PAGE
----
Does lack of population growth actually stunt the creation of wealth for property investors?
Budding investors often prefer to stay in capital city markets for fear that the lack of population growth in most regional areas would hinder the growth of their assets.
However, Propertyology’s Simon Pressley said that, while an important growth fundamental, population growth is not the biggest driver of capital growth for investment properties.
“Let me give you a classic example: Alice Springs. People would have heard of it but not many people would have been there, it’s pretty much in the middle of Australia. It’s median house price over the last 20 years has increased by 6.1 per cent. That is more than the Gold Coast.”
“But there are less people living in Alice Springs today than 17 years ago… Still, the median house price has gone up by more than three times,” according to the buyer’s agent.
“Sydney, Australia’s biggest city, on the other hand, has had two consecutive years of all-time record population growth, but it’s in the middle of its biggest property downturn in 30 years.”
Another example would be Bellingen, a small town on the North Coast of NSW, which, over the past decade, has only seen its population grow by 200 people. Meanwhile, Sydney has welcomed around 750,000 more residents in the same period.
“Sydney’s probably given birth to two Canberras, but Bellingen’s median house price increase over the last 20 years is still higher than Sydney’s.”
Population growth rate is often released with almost two years’ worth of lag, Mr Pressley said, which is why he strongly advises against making it a primary consideration when purchasing an investment property.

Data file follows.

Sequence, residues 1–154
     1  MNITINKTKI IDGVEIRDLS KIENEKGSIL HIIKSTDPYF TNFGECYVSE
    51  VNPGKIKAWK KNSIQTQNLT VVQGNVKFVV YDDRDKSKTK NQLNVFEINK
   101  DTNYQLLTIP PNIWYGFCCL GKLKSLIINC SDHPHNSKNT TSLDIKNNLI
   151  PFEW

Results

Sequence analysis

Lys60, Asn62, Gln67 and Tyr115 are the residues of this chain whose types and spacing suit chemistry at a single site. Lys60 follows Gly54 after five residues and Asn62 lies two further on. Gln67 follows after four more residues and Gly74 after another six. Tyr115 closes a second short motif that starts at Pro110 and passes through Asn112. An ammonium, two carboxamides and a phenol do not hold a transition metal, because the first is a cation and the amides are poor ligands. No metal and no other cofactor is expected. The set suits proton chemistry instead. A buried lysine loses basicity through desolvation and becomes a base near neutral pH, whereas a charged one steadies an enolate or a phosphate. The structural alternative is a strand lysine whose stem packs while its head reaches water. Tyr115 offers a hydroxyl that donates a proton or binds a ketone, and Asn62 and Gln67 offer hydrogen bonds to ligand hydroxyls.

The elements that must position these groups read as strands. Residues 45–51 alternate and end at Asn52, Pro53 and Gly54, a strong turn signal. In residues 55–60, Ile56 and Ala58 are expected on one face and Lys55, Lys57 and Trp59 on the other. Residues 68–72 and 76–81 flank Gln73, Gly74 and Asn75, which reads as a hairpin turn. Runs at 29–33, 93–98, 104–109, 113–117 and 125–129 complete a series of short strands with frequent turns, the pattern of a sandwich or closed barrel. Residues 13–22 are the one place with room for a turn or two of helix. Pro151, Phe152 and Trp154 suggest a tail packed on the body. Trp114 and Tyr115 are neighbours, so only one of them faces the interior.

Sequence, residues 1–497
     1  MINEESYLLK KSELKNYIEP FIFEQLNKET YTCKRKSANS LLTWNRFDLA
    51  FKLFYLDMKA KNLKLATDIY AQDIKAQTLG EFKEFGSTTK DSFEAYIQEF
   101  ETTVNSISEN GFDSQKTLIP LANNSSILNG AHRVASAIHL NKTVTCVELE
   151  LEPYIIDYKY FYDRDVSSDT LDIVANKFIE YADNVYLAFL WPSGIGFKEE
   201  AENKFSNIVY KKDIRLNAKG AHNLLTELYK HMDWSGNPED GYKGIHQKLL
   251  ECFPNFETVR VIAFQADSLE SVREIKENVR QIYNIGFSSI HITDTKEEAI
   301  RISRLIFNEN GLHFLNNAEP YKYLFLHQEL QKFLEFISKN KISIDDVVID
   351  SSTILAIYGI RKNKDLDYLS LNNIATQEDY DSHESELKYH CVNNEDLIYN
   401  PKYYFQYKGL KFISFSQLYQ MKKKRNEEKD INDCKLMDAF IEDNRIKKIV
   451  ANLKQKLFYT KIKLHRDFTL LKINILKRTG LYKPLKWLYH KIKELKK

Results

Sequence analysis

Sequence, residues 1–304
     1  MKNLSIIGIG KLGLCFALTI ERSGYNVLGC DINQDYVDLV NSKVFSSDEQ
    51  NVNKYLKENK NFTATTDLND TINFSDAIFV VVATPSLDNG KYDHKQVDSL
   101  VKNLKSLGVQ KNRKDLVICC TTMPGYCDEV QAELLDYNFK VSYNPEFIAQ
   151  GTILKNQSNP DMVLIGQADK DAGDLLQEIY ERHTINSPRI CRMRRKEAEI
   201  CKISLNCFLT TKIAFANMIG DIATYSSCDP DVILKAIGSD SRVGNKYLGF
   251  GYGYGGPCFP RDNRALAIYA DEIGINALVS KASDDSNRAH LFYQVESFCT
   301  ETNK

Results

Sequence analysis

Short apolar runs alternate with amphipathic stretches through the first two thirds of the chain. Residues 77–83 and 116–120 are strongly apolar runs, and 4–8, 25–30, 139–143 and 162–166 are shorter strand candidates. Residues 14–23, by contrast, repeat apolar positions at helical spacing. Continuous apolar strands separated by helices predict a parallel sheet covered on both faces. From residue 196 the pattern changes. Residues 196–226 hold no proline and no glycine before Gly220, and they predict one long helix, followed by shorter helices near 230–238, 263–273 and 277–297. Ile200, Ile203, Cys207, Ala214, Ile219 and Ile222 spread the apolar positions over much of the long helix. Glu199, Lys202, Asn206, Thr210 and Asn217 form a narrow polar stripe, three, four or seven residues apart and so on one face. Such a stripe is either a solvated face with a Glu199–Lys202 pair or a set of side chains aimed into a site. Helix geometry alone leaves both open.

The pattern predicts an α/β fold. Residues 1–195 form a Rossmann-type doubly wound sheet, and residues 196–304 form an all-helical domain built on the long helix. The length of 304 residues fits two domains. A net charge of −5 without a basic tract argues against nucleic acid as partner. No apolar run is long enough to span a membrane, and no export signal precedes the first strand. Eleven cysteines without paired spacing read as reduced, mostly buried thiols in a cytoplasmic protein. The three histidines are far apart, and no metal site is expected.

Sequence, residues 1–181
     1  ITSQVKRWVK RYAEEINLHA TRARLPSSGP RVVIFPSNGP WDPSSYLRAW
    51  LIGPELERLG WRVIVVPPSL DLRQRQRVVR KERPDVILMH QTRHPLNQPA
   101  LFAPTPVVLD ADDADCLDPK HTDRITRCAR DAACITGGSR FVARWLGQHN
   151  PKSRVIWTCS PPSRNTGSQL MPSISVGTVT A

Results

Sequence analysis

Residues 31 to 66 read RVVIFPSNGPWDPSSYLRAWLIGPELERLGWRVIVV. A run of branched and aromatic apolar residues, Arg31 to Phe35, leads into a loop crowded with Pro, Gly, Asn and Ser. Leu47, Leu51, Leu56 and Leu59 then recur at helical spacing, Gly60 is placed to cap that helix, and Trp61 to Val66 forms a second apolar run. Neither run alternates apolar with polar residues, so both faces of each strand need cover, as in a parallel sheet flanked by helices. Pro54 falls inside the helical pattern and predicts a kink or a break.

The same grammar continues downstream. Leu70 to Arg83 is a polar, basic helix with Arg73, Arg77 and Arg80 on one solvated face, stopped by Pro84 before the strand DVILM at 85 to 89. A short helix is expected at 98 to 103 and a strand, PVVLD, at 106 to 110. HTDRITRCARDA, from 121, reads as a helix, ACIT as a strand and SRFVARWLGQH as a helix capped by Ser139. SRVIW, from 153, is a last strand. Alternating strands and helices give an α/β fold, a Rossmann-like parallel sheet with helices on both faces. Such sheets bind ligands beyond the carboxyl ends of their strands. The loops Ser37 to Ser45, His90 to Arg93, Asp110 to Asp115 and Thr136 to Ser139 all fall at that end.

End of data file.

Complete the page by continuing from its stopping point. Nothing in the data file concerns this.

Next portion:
In fact, as a buyer’s agent, he personally excludes population growth on his checklist of growth fundamentals to watch.
According to him, a lot of investors missed out on investment opportunities in Hobart because of their belief that population growth is vital to achieving capital growth.
“We bought a heap of properties in Hobart then and it has nothing to do with population because the thing with population growth data is… due to the lag, by the time it comes to the public, a lot has already happened. It’s a figure of what happened way back.”
“Another thing is everyone assumes that if a population increases, all those new people would go and buy a home, but they don’t. Sure, they need somewhere to live and some will buy a home, but some won’t,” he highlighted.
In Sydney, for example, 93,000 new residents came in last year. Of those, 77,000 are from overseas.
When considering people who relocate, it would be unwise to think that they would be buying properties straight away.
Mr Pressley explained: “If you’re relocating from city to city within a country, there’s a lot of things you’ve got to consider already, but going to a completely new country requires more preparations.”
“While they do need to get a roof over their heads, they probably haven’t got a million bucks to buy a basic house in Sydney because it’s hard to get a loan. So, they’d be focused on getting a job, establishing some connections, then working out which part of town they want to live in.”
“Over time, some might buy a property, some won’t. Last year, 27,000 people left Sydney.”
Instead of focusing on population growth, investors are encouraged to study buyer’s behaviour instead.
At the end of the day, consumer sentiment moves the market and ultimately drives the growth of property prices within a certain location.
According to Mr Pressley, a huge portion of buyers in a market are usually the people already living in the area, which is why the influx of new residents is considered irrelevant to the growth of a real estate investment.
“Even if a population grew by zero, there’ll be a resident of that community who says, ‘I want to go from being a renter to a home owner,’ so they transact in property. There’ll be someone who’s at the retirement stage of their life and would want to downsize, so they transact in property.”
“There’ll be someone else whose family’s growing and they need a bigger property, so they’ll transact in property. There’ll be someone who wants to get their hands dirty and renovate, so they’ll transact in property. And, of course, there’ll be somebody who wants to invest.”
“Even without population growth, buyer’s activity can still and will happen,” he concluded.